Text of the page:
Thursday, May 28, 2015

Driver’s Ed - Why we need tech to take the wheel in Ed Leadership.

Information technology plays a central role in the success of all organizations, not only as a supporting function but as a driver of innovation and business. However, tech's move into the driver’s seat has been analogous to someone in the backseat leaning over to grab the wheel…with a similar outcome. In the education industry, where the destination is our future and increased student learning is our revenue, this drive-from-behind approach has come at a high cost.

To avoid the wreckage, we need more tech leaders in the driver’s seat at the school and district levels. The need for vision in technology integration has been recognized for some time now, with more schools actively seeking leaders who possess both vision and experience in the innovative use of technology. Despite this movement to place techie leaders at the helm of schools, we are a long way to placing tech in the driver’s seat. To do so, we must move beyond technological awareness to full integration of technology leadership skills in developing school leaders.

So that every school leader has the mindset of a tech leader, the following shifts from tech-as-supporter to tech-as-driver must take place. 

Supporter Mentality
Driver Mentality
possesses awareness of tech integration opportunities
possesses understanding of best practices surrounding tech integration and ability to lead through integration process
approaches technology learning as a result of strategic planning
approaches technology learning as strategic learning which yields org planning
views tech as supportive to academic functions
views tech as a driver of academic experiences
seeks solutions from IT when need identified
brings IT solutions to vision discussions
uses technology to bolster existing learning
uses technology to create new blended learning which transforms existing practice
relies on IT for direction in managing student data
establishes a clear vision and protocol for protection and use of student data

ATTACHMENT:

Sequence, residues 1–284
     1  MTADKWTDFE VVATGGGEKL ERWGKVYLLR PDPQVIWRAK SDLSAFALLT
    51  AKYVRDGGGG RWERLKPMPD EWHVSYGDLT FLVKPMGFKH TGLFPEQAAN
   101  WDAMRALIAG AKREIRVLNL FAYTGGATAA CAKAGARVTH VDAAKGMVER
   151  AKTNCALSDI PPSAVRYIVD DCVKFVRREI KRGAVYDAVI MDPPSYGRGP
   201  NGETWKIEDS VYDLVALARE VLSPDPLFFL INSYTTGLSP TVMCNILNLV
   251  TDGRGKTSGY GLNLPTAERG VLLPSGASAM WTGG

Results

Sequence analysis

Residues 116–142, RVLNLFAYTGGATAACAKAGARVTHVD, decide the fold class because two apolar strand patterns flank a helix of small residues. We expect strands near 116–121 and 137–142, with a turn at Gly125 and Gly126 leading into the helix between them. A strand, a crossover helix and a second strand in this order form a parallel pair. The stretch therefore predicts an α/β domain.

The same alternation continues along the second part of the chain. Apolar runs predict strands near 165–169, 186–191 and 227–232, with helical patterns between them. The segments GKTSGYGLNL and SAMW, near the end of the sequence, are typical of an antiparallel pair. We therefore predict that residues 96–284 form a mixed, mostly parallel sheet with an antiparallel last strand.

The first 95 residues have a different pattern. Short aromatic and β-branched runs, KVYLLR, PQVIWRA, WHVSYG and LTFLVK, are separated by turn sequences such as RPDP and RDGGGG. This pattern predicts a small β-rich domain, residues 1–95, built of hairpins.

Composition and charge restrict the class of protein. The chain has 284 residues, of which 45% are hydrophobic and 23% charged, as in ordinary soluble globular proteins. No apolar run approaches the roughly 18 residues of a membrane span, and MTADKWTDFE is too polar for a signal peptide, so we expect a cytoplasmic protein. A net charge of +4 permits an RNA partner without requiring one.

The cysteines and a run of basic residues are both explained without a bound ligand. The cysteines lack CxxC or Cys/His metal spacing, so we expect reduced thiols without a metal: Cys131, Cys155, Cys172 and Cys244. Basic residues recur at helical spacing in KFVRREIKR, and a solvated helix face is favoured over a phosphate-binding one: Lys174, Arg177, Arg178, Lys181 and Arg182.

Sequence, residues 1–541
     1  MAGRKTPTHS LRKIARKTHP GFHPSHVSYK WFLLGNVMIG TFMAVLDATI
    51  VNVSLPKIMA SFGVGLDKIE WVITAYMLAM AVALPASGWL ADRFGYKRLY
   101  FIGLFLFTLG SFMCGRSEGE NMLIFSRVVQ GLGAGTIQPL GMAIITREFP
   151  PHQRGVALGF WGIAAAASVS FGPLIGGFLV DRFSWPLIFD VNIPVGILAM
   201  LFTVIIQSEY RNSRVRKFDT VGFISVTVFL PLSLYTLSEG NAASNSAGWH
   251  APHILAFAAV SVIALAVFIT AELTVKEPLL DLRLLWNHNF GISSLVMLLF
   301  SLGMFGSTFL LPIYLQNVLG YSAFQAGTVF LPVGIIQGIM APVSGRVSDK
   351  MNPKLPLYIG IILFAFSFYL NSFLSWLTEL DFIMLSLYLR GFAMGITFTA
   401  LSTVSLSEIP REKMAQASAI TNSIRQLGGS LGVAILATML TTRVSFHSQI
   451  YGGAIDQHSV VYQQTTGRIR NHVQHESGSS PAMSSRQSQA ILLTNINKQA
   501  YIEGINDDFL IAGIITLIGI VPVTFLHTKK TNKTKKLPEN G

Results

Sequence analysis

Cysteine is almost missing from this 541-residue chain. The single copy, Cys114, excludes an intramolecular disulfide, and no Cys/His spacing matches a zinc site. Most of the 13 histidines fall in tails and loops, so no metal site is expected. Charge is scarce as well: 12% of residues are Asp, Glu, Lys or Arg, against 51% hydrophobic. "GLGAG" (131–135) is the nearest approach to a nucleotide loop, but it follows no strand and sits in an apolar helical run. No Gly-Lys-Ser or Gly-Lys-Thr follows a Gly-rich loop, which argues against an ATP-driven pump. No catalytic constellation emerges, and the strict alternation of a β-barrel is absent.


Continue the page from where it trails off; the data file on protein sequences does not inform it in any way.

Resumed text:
views technology as a separate department
views technology as decentralized and pivotal to leadership in all departments
sees technology integration as supplemental
sees technology integration as core
lower tolerance for ambiguity, appreciative of the proven path
higher tolerance for ambiguity, a “VUCA” environment, and ability to adapt, iterate, and lead through rapid change

There are several risks associated with the proliferation of the drive-from-behind practice. Among the impending wreckage, some are nebulous - What is the cost of not properly preparing our students for tomorrow’s uncertain work environment? Others are more imminent and strikingly clear - What role do schools play in the protection of student data in this prolific “freemium” learning app landscape? How much money will be wasted though wayward device purchases and failed implementations? 

Beyond avoiding risks, tech leaders are needed to seize opportunities. What can we gain from inviting technology to the driver’s seat? How can we model best practices and establish standards for the responsible use of student data? What new learning outcomes can we reach? What new communities can we build? What new ideas can we generate? 

To know where one must turn right or left, it is helpful to be able to see with one’s own eyes. While it is not necessary for a school leader to possess all knowledge required to make solo decisions in navigating change through technology integration (nor is it advisable to do so in isolation), recognition of the major navigation signals and landmarks is essential. Education has been stuck in a perpetual state of immobility, frustrating to educators and students alike. Technology has “disrupted” the industry and generated rapid movement, but this movement does not come with its own driver, and we are at risk of going off the rails where access is precariously open. Where access is cut off, the risk is greater, the gap between the haves and have-nots widening as equitable access to powerful tools is sidelined from lack of leadership or resources. We cannot expect to solve these issues from the backseat; it’s time to put tech leaders at the wheel. 


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